Section 529 college savings plans—known as “529 plans”—have often been marketed to clients as attractive investment vehicles designed to help cover the rising costs of college tuition on a tax-preferred basis. Unfortunately, not all 529 plans are created equally, which has left many advisors today faced with clients who are increasingly dissatisfied with the performance of these seemingly appealing accounts.
While helping a client escape from an unsatisfactory 529 plan can prove tricky, it is by no means impossible—but it’s critical that the advisor understand the specific rules that apply in changing 529 plans in order to correct a client’s college savings trajectory—without falling prey to taxes and penalties.
Switching Plans: Potential Pitfalls
Clients should initially be advised that they are permitted to make only a single penalty-free rollover into a new 529 plan within any given twelve-month period unless they plan on naming a different family member as the beneficiary of the new plan. If more than one rollover is attempted in any twelve-month period, the client will be required to treat the distributed funds as a nonqualified distribution and pay a 10% penalty tax.
Once your client has decided to switch to a new 529 plan, there are two ways that the change can be accomplished. The client can simply complete a rollover contribution form (provided by the new 529 plan) and allow the new plan administrator to coordinate the funds transfer.
Alternatively, the client can request a distribution from the old 529 plan and, similarly to an IRA rollover, redeposit the distributed funds into the new plan within 60 days of receiving the distribution. If the second option is chosen, the client must inform the new plan administrator that the funds are being rolled over from another plan, and he must also provide the new plan with a breakdown between principal and earnings. Failure to properly complete the rollover can subject the distribution to federal and state income taxes, as well as the 10% penalty.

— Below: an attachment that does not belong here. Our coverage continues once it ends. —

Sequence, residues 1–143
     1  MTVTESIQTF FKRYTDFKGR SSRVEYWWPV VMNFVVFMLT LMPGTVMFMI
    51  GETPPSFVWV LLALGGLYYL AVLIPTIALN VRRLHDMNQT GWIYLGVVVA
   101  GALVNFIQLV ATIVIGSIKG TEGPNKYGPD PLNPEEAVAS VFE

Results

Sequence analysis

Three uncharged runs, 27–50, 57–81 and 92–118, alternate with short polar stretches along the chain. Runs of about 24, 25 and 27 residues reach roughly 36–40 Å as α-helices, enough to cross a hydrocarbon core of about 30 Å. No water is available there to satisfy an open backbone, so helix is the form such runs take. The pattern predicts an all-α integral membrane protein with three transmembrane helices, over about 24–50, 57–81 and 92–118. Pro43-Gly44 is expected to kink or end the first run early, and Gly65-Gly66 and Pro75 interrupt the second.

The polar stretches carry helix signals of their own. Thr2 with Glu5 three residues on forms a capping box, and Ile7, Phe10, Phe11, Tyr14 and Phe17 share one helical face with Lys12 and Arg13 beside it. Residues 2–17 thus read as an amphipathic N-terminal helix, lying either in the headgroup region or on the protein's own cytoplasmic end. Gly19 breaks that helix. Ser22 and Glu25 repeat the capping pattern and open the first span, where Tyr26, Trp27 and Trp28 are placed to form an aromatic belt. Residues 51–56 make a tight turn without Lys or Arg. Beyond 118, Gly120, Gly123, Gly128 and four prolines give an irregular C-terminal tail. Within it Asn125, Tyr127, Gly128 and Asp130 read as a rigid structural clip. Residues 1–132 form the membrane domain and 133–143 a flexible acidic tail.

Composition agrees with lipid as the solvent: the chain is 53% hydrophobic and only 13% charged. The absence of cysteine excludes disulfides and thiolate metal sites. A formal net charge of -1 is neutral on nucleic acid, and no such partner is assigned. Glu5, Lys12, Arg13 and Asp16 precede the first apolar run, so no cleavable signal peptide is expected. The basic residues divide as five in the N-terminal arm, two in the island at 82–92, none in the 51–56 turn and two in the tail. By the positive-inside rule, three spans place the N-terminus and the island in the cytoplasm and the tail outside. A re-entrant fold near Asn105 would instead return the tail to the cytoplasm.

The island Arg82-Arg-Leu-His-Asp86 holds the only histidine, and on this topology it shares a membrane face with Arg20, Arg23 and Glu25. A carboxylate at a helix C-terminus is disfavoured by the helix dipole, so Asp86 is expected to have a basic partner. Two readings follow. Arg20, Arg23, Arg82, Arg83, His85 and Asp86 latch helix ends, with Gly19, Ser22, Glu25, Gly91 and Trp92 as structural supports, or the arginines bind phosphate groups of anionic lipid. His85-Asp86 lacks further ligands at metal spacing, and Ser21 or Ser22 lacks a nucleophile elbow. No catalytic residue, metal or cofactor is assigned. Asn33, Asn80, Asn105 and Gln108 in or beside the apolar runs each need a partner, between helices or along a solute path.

Further, for clients who roll funds into a 529 plan offered by a different state, the state that administers the old 529 plan may impose a recapture provision so that the client will be required to repay the amount deducted for the original plan contribution. Because some 529 plans themselves charge a fee for rolling funds into another plan, it is also important to add up the potential fees and any recapture taxes to ensure that the costs of the rollover do not outweigh the potential benefits offered by the new plan.
Why Make the Change?
For many clients, the decision to change 529 plans is based solely on the perception that the account’s investment performance is unsatisfactory given today’s market conditions. While the decision to switch 529 plans may be precipitated by the desire to switch to a plan with more flexible or attractive investment offerings, some states have begun offering unique investment offerings that can appeal to a range of clients.
For example, some 529 plans now contain investment provisions that automatically shift the client’s investment allocations from aggressive to conservative investments as the account beneficiary ages in order to reduce risk as she approaches college age. Additionally, several states offer “risk-free” 529 plans that are FDIC insured. These plans function more like a traditional savings account or certificate of deposit; however, the trade-off is that their growth potential is similarly limited.